. . . There was nothing in the statute that prevents the author of such a report from qualifying his opinions to make clear that they are preliminary opinions subject to amendment or supplementation upon the acquisition of additional information such as additional medical records or deposition testimony.
Id. at *3.
Of course, the Court continued, the doctor could always explain that the report was a preliminary report during his testimony and it would be up to the jury to assess that explanation in evaluating that witness' credibility. Thus, this opinion provides an excellent example of impeachment as well as a method to rehabilitate the expert who has been impeached and attempt to reestablish credibility in the eyes of the jury.
Rehabilitation of An Impeached Expert Witness
Remember that the key to expert effectiveness is credibility in the eyes of the fact finder. How the witness was impeached will clearly impact how he may be rehabilitated, but one rule holds constant regardless of the method of impeachment: The first few moments are critical on re-direct. If evidence of bias was introduced on cross, through demonstrating the "professional" status as a witness, elaborate on the many times the witness has testified for the opposing side, or refused to offer testimony because the facts of a particular case did not have merit. If the factual underpinnings of the expert were called into question, highlight why the facts relied upon were the most important, or why the facts that did not form a basis were not part of the opinion. The expert must clearly, convincingly and concisely state the reasons why her opinions are not inconsistent. At that point, the expert can take more time to fully explain her answer but still must exercise caution not to drown out or overshadow her denial of any inconsistency.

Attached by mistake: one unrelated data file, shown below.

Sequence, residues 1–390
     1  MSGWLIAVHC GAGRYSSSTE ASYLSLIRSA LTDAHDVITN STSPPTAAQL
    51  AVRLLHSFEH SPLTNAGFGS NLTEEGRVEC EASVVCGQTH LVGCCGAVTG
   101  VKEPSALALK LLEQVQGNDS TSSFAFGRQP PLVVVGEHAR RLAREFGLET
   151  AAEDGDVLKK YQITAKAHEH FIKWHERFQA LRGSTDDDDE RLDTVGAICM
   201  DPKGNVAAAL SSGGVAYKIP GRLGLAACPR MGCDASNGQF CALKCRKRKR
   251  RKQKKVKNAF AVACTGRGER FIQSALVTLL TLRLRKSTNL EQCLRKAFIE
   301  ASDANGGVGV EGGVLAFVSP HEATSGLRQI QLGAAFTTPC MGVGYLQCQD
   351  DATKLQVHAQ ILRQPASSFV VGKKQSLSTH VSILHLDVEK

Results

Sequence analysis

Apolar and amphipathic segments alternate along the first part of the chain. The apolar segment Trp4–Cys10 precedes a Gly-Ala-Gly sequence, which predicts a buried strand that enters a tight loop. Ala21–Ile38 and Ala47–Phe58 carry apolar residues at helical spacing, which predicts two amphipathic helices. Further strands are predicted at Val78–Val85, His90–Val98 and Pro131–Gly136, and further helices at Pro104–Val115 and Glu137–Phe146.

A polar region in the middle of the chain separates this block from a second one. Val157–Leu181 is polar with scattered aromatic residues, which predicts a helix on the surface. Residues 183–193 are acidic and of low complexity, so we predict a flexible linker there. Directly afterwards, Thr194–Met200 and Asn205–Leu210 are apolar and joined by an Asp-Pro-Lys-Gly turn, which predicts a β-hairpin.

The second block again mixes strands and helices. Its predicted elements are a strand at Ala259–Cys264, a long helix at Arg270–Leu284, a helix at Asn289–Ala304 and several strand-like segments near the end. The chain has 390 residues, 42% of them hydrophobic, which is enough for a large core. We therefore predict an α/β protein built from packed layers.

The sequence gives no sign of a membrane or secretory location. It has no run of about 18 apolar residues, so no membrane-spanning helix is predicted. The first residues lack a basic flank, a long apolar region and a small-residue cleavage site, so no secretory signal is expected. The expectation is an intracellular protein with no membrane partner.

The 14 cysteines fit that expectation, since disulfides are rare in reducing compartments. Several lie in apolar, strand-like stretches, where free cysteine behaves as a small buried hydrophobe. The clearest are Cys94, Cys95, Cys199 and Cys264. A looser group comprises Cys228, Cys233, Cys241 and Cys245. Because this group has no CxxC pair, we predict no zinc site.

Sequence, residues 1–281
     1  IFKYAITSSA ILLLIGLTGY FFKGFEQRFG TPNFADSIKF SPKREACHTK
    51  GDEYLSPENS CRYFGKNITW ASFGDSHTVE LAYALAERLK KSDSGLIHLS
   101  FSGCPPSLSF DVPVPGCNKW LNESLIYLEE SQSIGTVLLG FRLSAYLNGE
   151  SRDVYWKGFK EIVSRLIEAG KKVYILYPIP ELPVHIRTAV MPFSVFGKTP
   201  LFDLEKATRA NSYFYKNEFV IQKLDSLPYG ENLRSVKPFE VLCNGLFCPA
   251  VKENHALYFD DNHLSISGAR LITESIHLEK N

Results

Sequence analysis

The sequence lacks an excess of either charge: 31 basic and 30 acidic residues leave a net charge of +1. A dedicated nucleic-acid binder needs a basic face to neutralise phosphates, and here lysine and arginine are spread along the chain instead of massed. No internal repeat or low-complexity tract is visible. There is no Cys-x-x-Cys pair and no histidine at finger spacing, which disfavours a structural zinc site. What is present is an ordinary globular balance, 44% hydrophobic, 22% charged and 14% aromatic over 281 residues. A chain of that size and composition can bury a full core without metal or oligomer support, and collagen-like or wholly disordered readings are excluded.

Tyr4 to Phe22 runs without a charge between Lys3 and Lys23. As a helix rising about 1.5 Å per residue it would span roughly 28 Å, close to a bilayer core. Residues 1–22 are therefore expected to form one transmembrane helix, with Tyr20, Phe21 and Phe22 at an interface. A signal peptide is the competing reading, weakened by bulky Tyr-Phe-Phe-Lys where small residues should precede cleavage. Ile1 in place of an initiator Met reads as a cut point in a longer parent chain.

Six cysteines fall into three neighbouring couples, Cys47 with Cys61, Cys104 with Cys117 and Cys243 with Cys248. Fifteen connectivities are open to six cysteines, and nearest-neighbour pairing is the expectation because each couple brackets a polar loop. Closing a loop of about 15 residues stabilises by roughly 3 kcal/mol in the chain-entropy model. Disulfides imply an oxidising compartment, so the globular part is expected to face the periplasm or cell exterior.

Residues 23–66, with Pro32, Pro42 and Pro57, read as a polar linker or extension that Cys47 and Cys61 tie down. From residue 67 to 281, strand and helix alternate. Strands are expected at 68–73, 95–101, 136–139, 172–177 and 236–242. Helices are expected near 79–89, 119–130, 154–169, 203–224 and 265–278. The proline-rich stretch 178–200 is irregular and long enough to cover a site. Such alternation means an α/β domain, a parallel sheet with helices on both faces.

Is the expert witness Will Rogers or Mark Twain? Or does he present more like Alec Baldwin's portrayal of Dr. Jed Hill, the foreboding figure with a god complex? Once the threshold gate of reliability is crossed, counsel must remain vigilant to assess the witnesses' believability and credibility and to present relevant, admissible evidence, with a logical tendency to make the witness' trial testimony more or less credible to the jury, often in spite of the witness. In the battle of the experts, the prepared mortal is the one best able to use the available credibility tools to win the battle with the gods and to achieve the best result.